So it’s not a collection problem, right? It’s correlating and making sense out of the data?


Tell me about some of the ways you are collecting data.

You don’t know what you don’t know. When thinking about collecting data from various sources, it’s really about what attributes make up these different models. We have propensity models and circumstance models, but being able to correlate and bring the data together where it’s actionable in a very fast-paced environment is a difficult task. You have people who know what they know and yet people who don’t know what’s available to them. So you really have to create synergy to build upon what’s available in the various areas of the organization to then create the desired product.

What does customer experience mean to you?

To me it means taking a step back and really being agnostic to what my company represents and instead thinking about that individual client and how I can help them live their best life. How do I help make their life easier, and how do I help support them in ways that they didn’t realize were available to them? It goes back to our T3 promise: How are we earning their trust and their confidence in Truist as a financial partner?

How has the current economy and consumer confidence influenced the importance of the customer experience at Truist?

Customer experience is always of the utmost importance at Truist. We have researchers, designers, and several other teams dedicated to constantly ensuring we provide a great experience. The current economy demands that customer experience is kept front and center of everything we do.

Let’s talk about the relationship between IT and marketing.

In this day and age, it has to be a very close partnership between both functions because a lot of marketing today — data, analytics, engagement — is all driven by technology. So it has to be a close partnership, and my role is all about creating that cross-functional alignment to drive success.

Let’s talk a little bit about digital transformation. It’s a journey, right? Not a destination?

Digital transformation is an ongoing evolution because the world is evolving, the technology available is evolving. The speed at which we can compute and perform different functions is going to evolve. AI and machine learning are forcing us and pushing us to that constant evolution and change. So when you think about that, digital transformation will never be one and done.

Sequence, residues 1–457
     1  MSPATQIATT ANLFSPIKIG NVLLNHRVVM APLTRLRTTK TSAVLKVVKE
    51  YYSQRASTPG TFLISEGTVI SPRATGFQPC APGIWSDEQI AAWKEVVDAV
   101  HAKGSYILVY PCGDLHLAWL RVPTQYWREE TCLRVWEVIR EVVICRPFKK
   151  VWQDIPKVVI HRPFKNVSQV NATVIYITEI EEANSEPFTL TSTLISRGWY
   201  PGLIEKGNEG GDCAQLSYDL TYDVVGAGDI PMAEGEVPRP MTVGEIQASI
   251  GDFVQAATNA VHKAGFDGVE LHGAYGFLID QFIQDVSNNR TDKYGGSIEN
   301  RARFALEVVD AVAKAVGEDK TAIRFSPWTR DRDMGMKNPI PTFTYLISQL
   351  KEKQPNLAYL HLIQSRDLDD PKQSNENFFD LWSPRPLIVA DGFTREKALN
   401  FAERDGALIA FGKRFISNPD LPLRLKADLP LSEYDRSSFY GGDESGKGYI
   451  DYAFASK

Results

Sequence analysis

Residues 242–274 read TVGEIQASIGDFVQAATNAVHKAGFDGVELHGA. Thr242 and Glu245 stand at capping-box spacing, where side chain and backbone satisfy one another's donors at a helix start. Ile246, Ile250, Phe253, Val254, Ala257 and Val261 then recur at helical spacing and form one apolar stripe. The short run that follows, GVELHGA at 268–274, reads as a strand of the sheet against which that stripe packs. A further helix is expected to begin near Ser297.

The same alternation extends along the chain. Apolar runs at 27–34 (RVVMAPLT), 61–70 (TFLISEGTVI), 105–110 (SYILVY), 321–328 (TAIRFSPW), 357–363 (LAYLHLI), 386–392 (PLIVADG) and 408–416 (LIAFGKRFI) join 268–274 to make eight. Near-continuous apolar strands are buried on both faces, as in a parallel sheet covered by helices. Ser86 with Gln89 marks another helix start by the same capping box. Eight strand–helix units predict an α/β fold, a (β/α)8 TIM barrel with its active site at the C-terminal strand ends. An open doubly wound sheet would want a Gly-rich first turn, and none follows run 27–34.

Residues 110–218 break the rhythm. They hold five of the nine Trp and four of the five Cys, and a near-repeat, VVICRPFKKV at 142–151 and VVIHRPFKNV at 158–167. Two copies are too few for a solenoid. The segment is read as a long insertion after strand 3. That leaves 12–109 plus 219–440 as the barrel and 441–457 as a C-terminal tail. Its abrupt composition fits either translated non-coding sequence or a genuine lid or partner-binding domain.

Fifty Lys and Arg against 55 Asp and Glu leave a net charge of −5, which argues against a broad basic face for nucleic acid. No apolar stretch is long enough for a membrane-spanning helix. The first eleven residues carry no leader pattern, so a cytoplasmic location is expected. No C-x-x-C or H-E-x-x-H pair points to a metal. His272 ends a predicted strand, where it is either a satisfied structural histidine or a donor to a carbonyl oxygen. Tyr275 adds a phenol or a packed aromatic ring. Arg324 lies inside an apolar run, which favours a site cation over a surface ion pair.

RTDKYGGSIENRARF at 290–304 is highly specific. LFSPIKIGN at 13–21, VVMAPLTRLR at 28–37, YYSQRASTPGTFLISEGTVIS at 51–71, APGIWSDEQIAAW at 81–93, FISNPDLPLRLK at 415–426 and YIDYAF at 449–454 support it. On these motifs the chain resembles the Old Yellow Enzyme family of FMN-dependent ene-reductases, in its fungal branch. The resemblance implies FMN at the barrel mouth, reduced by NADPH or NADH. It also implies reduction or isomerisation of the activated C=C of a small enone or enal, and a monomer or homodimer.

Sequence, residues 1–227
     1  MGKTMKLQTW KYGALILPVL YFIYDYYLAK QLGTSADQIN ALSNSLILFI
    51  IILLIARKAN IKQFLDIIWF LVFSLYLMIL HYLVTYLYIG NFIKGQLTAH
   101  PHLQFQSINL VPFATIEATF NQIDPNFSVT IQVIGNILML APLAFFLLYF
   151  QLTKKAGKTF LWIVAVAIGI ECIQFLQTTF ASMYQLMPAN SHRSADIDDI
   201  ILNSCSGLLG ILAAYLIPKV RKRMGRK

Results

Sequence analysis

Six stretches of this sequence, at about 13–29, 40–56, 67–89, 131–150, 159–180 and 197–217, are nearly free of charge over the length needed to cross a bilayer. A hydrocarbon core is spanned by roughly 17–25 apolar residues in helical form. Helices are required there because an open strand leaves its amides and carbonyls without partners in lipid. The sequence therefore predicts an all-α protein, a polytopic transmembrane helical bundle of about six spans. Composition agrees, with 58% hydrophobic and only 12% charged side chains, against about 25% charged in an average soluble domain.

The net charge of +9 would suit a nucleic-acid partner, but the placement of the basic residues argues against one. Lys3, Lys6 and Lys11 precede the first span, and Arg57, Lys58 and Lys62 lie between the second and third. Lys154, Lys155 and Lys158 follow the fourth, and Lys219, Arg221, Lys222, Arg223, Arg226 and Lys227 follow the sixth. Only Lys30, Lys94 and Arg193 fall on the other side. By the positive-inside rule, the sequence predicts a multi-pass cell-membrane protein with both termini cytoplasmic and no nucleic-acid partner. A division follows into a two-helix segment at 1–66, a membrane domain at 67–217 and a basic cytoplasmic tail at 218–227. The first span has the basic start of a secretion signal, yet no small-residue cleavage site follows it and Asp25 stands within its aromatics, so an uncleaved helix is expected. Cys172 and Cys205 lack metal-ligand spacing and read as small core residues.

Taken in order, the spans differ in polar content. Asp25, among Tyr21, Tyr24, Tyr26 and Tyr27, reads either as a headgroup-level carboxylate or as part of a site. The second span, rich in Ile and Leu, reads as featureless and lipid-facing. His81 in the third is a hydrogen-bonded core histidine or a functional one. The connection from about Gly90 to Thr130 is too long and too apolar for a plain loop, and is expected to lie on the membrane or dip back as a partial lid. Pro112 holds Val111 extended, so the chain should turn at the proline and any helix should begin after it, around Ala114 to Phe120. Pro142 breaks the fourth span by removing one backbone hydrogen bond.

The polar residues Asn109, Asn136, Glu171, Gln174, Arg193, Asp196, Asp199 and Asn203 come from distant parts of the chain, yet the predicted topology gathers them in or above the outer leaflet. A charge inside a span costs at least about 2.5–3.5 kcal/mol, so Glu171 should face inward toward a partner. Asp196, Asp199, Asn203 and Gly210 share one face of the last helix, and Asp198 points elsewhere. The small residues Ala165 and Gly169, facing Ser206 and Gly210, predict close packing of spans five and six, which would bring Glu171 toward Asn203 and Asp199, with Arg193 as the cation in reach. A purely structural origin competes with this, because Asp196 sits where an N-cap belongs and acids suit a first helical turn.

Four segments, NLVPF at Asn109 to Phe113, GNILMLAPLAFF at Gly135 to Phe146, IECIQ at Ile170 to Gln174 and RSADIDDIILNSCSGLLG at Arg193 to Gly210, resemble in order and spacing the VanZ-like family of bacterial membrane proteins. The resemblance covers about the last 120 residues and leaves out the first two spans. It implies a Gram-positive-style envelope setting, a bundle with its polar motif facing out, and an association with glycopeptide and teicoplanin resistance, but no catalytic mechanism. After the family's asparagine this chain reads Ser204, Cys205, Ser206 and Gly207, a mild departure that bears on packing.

Talk to me about how your industry is changing with this new breed of consumers who are coming of age**.**

You have young people who as a whole do not typically go [into a bank branch] and just open an account. They use different payment methods to meet the need at that moment in time. When it comes to these interactions, it’s very short. It’s very quick. It’s very easy. They’re not thinking about the long game. While convenience is key, with these different payment methods they might not be thinking that they may be paying too much in fees or how this cash can be harnessed for their long-term goals.

We know we really have to approach the opportunity differently and build out their journey differently primarily because of all of these new and evolving payment methods that have sprung up over the last five to 10 years.

What is your team’s big bet for the second half of 2020?

Our big bet is an acceleration of making experiences simplistic, convenient, and targeted. We are continuing to press forward with data aggregation and integration, creating client journeys and cross-functional teams, comprised of XD [experience design], tech, lines of business, and marketing, that are hyper-focused on value creation.